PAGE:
But the automaker might still have to pay out big…
A lawsuit against Tesla for the death of an 18-year-old man in Florida resulted in a federal jury finding the automaker 1% responsible. The trial, which many in the industry followed closely for what it might mean for future lawsuits, has now made national news. It was what lawyers say is the first jury trial against Tesla involving its vehicles. That same jury found the 18-year-old and his father 99% responsible for the crash.
Watch the latest Motorious Podcast here.
The Tesla Model S slammed into a concrete wall, then caught on fire in a horrific accident on May 8, 2018. Barrett Riley died along with a passenger, while another passenger survived. While the deceased man’s parents’ attorneys argued a defect in the car’s batteries contributed to the fire, the judge dismissed the claim before the end of the trial.
An important detail about the crash was revealed during the trial. Someone switched off the Tesla’s speed limiter. Barrett Riley reportedly was going 116 mph, passing another vehicle through a curve where the posted speed limit was 25 mph. While Riley’s parents claimed a Tesla technician disabled the speed limiter device they requested be installed, but said nothing to them about it. That device kept the Model S from going over 85 mph.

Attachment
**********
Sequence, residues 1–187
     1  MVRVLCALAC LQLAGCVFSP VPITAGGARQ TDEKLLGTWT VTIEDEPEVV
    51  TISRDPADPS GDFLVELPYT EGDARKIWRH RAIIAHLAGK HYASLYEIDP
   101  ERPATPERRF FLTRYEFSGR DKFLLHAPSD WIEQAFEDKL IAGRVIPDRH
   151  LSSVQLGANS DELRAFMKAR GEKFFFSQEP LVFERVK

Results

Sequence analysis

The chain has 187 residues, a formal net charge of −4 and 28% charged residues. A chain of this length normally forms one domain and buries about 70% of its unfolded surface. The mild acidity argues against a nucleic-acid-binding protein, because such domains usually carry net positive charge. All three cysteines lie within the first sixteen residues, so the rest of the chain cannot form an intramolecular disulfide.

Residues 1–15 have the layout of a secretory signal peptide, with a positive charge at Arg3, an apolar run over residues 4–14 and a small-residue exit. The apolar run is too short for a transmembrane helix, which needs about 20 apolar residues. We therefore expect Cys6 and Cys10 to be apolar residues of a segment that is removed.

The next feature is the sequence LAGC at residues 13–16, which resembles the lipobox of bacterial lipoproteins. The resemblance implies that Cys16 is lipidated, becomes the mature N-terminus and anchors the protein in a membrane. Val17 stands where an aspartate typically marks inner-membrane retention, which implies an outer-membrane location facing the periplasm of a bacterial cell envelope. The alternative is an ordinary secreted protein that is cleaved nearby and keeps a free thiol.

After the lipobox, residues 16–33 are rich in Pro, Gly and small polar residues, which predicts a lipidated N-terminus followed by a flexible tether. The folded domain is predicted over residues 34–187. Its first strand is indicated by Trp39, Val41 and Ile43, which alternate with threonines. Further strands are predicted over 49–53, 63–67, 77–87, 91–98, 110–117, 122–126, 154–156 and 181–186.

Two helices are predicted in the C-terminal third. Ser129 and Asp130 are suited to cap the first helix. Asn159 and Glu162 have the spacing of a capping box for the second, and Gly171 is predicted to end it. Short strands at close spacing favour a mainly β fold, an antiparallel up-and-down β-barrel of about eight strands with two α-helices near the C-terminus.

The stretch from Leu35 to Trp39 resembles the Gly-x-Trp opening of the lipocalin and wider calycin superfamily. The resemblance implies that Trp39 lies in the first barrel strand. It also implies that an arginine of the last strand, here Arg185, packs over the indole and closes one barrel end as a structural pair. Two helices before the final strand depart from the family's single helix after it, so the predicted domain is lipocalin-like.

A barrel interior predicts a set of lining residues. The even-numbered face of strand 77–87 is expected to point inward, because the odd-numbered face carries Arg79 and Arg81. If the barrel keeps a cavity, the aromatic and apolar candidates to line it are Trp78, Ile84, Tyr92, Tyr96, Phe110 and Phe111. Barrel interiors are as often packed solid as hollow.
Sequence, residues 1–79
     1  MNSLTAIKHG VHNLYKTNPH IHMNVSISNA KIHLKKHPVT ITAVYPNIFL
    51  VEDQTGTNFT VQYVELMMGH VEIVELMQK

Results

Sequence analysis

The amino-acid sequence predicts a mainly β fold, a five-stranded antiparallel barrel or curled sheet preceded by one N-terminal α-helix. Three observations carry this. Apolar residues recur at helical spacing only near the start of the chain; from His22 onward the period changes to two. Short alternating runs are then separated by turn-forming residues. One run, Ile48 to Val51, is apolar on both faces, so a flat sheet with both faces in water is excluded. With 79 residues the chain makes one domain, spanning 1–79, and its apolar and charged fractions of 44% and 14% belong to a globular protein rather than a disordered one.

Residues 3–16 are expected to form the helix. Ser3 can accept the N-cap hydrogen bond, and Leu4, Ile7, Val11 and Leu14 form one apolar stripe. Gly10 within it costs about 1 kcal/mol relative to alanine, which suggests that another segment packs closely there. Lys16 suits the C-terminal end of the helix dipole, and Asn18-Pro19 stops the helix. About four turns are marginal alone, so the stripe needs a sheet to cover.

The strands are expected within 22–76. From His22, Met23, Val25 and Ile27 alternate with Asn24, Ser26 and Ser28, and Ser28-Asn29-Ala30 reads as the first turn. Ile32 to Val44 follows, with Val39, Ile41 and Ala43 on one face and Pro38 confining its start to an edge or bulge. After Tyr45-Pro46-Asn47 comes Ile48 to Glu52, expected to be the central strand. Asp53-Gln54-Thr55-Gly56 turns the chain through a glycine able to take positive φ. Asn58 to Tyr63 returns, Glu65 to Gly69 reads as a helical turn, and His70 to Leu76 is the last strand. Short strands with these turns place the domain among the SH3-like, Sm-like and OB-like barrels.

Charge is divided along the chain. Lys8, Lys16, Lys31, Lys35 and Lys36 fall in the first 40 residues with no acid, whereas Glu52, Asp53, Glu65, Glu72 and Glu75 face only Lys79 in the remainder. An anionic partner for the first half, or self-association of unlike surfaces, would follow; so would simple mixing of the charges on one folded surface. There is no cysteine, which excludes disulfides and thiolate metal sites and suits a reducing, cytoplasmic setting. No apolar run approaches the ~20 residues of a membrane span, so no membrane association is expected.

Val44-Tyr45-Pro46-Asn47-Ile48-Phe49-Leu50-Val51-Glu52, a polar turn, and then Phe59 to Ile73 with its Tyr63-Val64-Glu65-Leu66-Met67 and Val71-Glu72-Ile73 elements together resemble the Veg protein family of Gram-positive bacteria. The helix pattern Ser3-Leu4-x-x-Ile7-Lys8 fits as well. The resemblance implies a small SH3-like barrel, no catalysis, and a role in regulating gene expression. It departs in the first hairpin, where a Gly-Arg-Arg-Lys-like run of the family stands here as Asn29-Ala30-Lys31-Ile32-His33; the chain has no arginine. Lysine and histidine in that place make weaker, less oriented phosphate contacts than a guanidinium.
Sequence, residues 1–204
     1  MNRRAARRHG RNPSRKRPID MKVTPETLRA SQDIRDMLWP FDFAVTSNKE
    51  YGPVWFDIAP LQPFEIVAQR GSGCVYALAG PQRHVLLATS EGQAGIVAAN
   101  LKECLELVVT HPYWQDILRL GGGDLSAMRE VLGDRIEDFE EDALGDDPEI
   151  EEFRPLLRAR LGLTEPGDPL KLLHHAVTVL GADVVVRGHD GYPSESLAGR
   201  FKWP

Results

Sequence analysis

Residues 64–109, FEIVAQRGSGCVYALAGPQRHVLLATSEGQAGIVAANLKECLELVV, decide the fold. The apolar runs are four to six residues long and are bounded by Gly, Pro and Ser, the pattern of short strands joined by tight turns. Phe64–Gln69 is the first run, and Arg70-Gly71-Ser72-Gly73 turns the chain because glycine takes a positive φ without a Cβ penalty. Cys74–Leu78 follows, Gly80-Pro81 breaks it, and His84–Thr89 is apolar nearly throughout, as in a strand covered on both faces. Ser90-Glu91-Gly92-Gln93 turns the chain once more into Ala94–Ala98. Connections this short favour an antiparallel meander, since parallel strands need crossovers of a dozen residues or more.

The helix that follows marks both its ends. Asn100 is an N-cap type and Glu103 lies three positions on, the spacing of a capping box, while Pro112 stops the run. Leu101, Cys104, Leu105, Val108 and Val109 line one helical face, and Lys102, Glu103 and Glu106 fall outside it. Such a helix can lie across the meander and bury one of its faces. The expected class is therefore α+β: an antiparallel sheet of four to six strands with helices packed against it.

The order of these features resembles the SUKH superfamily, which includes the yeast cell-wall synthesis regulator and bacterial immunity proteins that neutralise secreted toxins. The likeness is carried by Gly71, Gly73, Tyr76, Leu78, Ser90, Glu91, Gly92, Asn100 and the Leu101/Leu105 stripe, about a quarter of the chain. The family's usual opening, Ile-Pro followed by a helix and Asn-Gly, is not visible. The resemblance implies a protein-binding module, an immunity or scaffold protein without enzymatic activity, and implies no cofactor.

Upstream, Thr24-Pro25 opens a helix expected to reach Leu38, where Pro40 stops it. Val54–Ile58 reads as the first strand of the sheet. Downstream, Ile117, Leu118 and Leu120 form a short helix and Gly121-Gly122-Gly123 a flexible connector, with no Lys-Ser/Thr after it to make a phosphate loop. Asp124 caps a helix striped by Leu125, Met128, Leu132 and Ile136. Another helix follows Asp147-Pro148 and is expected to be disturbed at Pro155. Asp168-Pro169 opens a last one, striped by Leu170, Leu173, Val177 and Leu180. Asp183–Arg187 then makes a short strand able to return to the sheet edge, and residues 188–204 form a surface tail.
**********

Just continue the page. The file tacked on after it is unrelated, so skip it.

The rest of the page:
Tesla’s attorneys argued Barrett Riley’s reckless behavior behind the wheel caused the crash. They brought up the fact the 18-year-old received a speeding ticket for going 112 mph in March of 2018, arguing they should have taken away the car keys as a result instead of simply installing a speed limiter. Even worse, Tesla’s attorneys said Barrett tricked the Tesla technician into disabling the speed limiter.
In the end, the jury only found Tesla 1% at fault for the crash. They found Barrett Riley 90% negligent as the driver and his father James Riley 9% negligent but concluded his mother Jenny Riley wasn’t negligent in her son’s death. As a result, the jury concluded James and Jenny Riley suffered $4.5 million and $6 million in damages, respectively. Now it’s up to the judge to either maintain those amounts or reduce them.
Automakers being sued over crashes isn’t anything new. For example, back in March of this year, the Arizona Supreme Court decided Jeep could be sued over the death of a girl after a jeep ran into the back of her mother’s Lexus. The basis of the legal claim was that Jeep hadn’t installed automatic emergency braking in the vehicle.
Images via Tesla